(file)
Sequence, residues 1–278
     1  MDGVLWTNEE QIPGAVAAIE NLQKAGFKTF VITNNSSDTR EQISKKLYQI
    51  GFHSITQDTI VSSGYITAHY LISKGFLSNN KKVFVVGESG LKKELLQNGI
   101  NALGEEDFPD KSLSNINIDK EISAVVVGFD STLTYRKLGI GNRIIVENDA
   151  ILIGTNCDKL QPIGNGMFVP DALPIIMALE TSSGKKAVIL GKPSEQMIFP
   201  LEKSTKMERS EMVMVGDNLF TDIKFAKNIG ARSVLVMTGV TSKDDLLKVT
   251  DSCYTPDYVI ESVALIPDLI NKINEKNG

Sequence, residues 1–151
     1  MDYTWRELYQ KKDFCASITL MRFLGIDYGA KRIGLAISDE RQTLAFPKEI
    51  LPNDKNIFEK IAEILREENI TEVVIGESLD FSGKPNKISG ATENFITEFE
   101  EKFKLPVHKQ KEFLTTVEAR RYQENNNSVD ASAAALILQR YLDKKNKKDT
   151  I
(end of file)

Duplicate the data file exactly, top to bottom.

Sequence, residues 1–278
     1  MDGVLWTNEE QIPGAVAAIE NLQKAGFKTF VITNNSSDTR EQISKKLYQI
    51  GFHSITQDTI VSSGYITAHY LISKGFLSNN KKVFVVGESG LKKELLQNGI
   101  NALGEEDFPD KSLSNINIDK EISAVVVGFD STLTYRKLGI GNRIIVENDA
   151  ILIGTNCDKL QPIGNGMFVP DALPIIMALE TSSGKKAVIL GKPSEQMIFP
   201  LEKSTKMERS EMVMVGDNLF TDIKFAKNIG ARSVLVMTGV TSKDDLLKVT
   251  DSCYTPDYVI ESVALIPDLI NKINEKNG

Sequence, residues 1–151
     1  MDYTWRELYQ KKDFCASITL MRFLGIDYGA KRIGLAISDE RQTLAFPKEI
    51  LPNDKNIFEK IAEILREENI TEVVIGESLD FSGKPNKISG ATENFITEFE
   101  EKFKLPVHKQ KEFLTTVEAR RYQENNNSVD ASAAALILQR YLDKKNKKDT
   151  I